—click on any image to enlarge—
—click on any image to enlarge—
My work on an individual piece usually begins after I’ve cut a hundred or more elements from culled images that have attracted my eye. Once a particular image appeals to me by virtue of its shape, color, texture, or even degree of decay, it may suggest an association that triggers some remote memory or fantasy of the future, alternative mythology, or dreamscape, and if possible a combination of all of those and more, which gets me started on the road to completing the piece. As I work, I continually discover new techniques and approaches to the creative process.
The collages are intuitive accretions, built-up layers of intricately contoured cut paper fragments—fragments found sifting through outmoded textbooks, encyclopedias, technical manuals and the like. Lyric improvisations recontextualize the natural, biological world with scientific, mechanical elements evoking recognition while simultaneously remaining enigmatic. I began acquiring old, discarded volumes long before their possibilities unfolded attracted by the visual beauty and richness, the soft warmth of the patina, the fragility inherent of this arcane printed matter—its evocative obsolescence, qualities redolent of another age—an authenticity that I desire to preserve and channel. Selections are made with a practiced eye—informed by snatches of memory and meditations on the micro- macro cosmos—finding inspiration in antiquated print aberrations, engraved optical eccentricities, and odd, inartful renderings. All coalesce to imbue the work with a sense of immediacy, and detached timelessness.
For the last five years I’ve been making text/image sequences of poetry employing found language on the dust jackets of hardcover books. I clip the last lines of blurbs to compose poetry. These last words, so to speak, are vestiges of writing which is itself deliberately ordinary in function. We are all too aware of the deception of buying a book after reading a blurb more engaging than the volume it’s wrapped around. I’m taking up the challenge of writing as collage from such meager shards, bringing variations of color, typography, and bits of images into the process.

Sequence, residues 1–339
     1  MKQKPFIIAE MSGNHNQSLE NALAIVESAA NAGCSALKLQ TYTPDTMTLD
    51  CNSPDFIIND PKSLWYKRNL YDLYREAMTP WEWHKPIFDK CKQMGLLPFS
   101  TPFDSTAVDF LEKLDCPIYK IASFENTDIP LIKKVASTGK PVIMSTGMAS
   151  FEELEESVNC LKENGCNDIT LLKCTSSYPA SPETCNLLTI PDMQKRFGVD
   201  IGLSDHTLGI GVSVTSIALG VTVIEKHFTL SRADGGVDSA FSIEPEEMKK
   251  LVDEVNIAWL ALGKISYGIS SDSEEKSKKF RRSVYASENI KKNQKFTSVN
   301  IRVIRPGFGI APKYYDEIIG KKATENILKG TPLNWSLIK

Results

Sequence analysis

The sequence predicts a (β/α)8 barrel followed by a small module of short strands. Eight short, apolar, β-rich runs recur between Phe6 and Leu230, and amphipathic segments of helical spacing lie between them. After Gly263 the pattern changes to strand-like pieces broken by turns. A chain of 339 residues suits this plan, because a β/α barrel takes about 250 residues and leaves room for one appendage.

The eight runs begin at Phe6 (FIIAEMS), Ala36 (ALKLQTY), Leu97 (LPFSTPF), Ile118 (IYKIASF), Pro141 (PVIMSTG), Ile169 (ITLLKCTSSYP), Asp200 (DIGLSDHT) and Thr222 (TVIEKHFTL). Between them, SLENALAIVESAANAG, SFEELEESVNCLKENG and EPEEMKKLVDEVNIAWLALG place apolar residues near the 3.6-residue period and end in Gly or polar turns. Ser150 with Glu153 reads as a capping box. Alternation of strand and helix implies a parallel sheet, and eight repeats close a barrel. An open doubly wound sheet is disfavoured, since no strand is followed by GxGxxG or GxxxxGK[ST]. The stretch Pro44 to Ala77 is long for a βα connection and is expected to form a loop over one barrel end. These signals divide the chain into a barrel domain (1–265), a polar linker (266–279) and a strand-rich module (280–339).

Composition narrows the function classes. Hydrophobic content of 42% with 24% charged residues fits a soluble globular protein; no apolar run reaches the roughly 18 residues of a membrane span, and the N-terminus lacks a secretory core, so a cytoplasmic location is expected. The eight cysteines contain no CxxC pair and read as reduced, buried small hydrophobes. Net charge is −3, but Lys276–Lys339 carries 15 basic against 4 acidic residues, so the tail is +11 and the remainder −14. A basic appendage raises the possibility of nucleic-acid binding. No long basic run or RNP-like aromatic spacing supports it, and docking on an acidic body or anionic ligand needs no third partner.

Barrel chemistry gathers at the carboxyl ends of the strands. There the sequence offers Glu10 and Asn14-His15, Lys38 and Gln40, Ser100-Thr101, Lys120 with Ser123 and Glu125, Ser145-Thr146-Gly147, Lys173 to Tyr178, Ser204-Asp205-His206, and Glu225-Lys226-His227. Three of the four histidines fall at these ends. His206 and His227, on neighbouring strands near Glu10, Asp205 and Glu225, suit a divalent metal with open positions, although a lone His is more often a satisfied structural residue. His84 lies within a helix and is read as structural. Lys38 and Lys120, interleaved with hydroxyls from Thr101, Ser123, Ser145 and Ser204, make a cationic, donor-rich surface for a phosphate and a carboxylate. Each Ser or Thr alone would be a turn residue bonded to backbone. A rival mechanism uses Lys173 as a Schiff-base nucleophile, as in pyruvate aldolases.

The ancient Greeks imagined the machinery of fate as three women, weaving the lives of human and gods into an enormous tapestry, killing or giving life by snipping or knotting a thread. Through the medium of photography, in my new series Woven, I imagine myself introducing time and thus mortality, into the lush flora and fauna which make up the millefleurs backgrounds of medieval hunting and falconry tapestries. The 5 x 10 foot photographs sometimes take weeks to compose, and during this process of composition, of collecting, arranging, burning, painting, and transplanting, there is change. Flowers wither, spiders build webs, new shoots emerge, and corpses decay. Influenced both by the Dutch vanitas tradition and the allover graphic compositions of Jackson Pollock, I intend the photographs to be experienced as exquisitely detailed still lives when viewed from up close, but to hold together as a immersive, more abstract composition from further away. Although the pieces are all made on the same wooden frame and printed at the same scale, each photograph incorporates a distinct set of conceptual and visual ideas. Some are densely packed with rotting plant and animal life, and others more open, sprinkled with small brightly colored flowers or verdant moss. What is common to all, however, is a sense of opulence which verges on excess, a plenty which verges on plunder. In these elaborately artificial tableaux, the inexorable movements of nature are shown forth and growth and decay, beauty and terror, life and death are woven together.